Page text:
As an undergrad, I studied O(n log n) algorithms for sorting and proofs that we cannot do better for the general case when all we can do is compare 2 numbers. That was for a random access memory model of computation. I want to know if such theoretic lowerbounds exists for functional style(referentially transparent) programs. Let us assume that each beta reduction counts as one step, and each comparison counts as one step.
So let us assume that you agree with the proof that we cannot do better than (n*log n) in a general case where the only thing we have is a comparison.
So the question is whether we can show that we can do the same without side effects.
One way to do that uses the idea that if you can build an immutable binary search tree in O(n*log n) and then infix-traverse it (can be done in O(n)), then we would have a sorting algorithm.
If we can go through all items and add every item to a balanced immutable (persistent) tree in O(log n) it would give us O(n*log n) algorithm.
Can we add to a persistent binary tree in O(log n)? Sure, there are immutable variants of balanced binary search trees with O(log n) insert in every reasonable implementation of persistent data structure library.
To get an idea why it is possible, imagine a standard balanced binary search tree as e.g. red-black tree. You can make immutable version of it by following the same algorithm as for the mutable one, except whenever pointers or color change, you need to allocate a new node and consequently all of its parents to the root (while simultaneously transforming them too if necessary). Side branches that do not change get reused. There are at most O(log n) affected nodes, so at most O(log n) operations (including allocations) per insertion. If you know red-black, you can see that there are no other multipliers to this except for constants (for rotations you can get a few extra allocations for affected siblings, but that still remains a constant factor).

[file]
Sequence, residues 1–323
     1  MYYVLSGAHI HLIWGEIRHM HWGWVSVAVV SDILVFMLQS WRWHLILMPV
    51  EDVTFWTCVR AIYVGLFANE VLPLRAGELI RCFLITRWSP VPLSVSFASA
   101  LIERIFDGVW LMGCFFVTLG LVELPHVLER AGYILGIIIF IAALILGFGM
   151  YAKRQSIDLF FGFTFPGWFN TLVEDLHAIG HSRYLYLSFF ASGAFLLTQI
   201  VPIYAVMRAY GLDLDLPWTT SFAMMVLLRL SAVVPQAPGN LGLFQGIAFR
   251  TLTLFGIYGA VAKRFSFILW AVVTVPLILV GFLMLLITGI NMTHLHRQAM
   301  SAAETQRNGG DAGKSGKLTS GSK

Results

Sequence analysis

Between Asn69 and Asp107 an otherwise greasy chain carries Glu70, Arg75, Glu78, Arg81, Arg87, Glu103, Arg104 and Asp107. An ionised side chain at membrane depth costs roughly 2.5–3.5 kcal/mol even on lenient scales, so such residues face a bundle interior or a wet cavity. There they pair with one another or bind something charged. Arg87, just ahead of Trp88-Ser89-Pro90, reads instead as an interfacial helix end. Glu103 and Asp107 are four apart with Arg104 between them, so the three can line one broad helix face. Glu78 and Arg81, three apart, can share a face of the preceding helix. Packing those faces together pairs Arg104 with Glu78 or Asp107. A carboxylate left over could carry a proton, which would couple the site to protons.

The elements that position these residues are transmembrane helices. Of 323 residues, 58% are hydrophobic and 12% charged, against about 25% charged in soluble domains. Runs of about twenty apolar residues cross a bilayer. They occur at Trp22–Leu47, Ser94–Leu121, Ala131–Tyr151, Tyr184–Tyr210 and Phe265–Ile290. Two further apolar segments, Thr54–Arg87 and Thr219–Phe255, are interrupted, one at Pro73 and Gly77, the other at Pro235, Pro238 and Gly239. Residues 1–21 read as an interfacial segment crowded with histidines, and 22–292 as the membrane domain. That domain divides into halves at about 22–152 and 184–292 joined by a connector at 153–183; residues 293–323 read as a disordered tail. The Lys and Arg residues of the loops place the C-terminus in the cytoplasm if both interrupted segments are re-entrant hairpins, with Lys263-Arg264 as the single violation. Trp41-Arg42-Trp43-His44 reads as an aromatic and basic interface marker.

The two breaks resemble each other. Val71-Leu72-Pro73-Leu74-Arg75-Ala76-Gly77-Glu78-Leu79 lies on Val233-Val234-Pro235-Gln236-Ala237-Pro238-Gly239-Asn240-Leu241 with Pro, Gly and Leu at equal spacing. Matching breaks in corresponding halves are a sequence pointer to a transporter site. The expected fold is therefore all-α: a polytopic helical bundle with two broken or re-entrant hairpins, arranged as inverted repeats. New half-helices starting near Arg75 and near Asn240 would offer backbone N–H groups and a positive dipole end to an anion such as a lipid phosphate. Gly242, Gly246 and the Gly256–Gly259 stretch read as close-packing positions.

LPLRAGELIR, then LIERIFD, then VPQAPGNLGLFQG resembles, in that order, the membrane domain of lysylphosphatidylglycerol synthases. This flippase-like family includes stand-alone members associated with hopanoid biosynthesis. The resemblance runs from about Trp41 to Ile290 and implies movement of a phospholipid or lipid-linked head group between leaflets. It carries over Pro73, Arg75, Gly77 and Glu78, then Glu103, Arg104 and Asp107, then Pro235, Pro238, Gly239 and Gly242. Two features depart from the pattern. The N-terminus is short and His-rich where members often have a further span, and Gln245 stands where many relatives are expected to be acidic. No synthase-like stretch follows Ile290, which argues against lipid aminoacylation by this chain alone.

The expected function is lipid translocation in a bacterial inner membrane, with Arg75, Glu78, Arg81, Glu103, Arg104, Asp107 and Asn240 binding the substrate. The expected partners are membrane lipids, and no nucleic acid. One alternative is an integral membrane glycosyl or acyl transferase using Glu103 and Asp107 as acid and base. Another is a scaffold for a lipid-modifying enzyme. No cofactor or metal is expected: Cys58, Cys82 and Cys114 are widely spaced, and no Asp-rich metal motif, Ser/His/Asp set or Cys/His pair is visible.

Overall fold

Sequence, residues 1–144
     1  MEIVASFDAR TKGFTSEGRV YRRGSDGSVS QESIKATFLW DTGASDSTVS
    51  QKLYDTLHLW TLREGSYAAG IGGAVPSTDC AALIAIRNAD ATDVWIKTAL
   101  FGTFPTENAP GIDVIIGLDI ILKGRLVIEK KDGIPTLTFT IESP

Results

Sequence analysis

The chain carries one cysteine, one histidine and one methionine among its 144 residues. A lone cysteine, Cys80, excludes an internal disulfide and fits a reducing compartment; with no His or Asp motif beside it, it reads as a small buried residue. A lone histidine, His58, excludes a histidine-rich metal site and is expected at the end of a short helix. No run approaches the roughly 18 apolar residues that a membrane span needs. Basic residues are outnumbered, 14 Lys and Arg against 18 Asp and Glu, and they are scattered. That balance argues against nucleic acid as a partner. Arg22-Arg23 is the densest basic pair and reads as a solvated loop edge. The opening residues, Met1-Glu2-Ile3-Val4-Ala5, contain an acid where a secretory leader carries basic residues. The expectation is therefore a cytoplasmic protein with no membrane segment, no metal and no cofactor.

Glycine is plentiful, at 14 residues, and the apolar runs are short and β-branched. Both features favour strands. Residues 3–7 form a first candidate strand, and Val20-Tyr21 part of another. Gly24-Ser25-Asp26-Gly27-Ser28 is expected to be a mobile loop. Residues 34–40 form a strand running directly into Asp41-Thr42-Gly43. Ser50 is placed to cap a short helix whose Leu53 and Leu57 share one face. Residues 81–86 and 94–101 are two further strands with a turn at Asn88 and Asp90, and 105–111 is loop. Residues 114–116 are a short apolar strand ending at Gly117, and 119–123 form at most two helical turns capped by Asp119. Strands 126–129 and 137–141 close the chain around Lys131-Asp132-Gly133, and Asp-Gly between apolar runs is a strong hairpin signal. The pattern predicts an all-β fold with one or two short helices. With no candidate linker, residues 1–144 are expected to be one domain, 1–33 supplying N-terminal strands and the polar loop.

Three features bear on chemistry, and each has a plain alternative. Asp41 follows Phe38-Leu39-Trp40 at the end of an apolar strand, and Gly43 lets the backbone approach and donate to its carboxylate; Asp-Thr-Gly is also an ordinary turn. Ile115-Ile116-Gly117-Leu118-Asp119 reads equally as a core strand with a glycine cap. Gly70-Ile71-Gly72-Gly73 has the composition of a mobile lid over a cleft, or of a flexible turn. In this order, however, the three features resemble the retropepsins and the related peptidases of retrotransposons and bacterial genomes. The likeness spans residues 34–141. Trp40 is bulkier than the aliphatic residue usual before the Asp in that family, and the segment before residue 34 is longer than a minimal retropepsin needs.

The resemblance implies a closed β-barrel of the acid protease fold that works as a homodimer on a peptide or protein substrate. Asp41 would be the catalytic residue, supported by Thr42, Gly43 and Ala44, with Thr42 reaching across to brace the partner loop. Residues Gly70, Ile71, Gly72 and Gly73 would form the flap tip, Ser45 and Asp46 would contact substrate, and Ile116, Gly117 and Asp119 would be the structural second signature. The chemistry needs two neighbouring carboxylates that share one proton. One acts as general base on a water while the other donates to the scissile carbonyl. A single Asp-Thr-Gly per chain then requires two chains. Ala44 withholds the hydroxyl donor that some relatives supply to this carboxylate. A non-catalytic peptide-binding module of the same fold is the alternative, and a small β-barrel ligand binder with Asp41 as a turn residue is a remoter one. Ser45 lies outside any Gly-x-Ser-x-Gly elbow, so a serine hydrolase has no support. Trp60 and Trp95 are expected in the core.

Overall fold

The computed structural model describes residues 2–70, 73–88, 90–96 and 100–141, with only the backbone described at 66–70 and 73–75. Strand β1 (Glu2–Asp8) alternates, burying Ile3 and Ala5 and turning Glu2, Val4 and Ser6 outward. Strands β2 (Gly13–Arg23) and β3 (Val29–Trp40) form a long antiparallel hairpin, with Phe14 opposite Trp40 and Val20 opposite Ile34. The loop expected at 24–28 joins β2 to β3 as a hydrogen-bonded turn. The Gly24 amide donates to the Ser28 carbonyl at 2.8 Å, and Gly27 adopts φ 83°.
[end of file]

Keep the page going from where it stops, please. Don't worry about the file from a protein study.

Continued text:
This - quite informal - demonstration can give you an idea that a proof for O(n*log n) for sorting without side effects exists. However, there are a few more things that I left out. E.g. allocation is considered to be O(1) here, which may not be a case always, but that would get too complex.
I think modern functional programming implementations (at least Clojure, since that's the only one I know) do have immutable memory, but that doesn't mean that altering lists and such result in copying of the whole original list. As such, I don't believe there are order-of-magnitude level computational differences between implementing sorting algorithms with imperative or functional idioms.
More on how immutable lists can be modified without memory copying:
For an example of how this might work, consider this snippet from the Clojure reference at: http://clojure-doc.org/articles/tutorials/introduction.html
So why the fuss about immutability?
I don't know the complete history of functional programming, but it seems to me that the immutability characteristic of functional languages essentially abstracts away the intricacies of shared memory.
While this is cool, without a language-managed shared data structure underpinning the whole mechanism, it would be impractically slow for many use cases.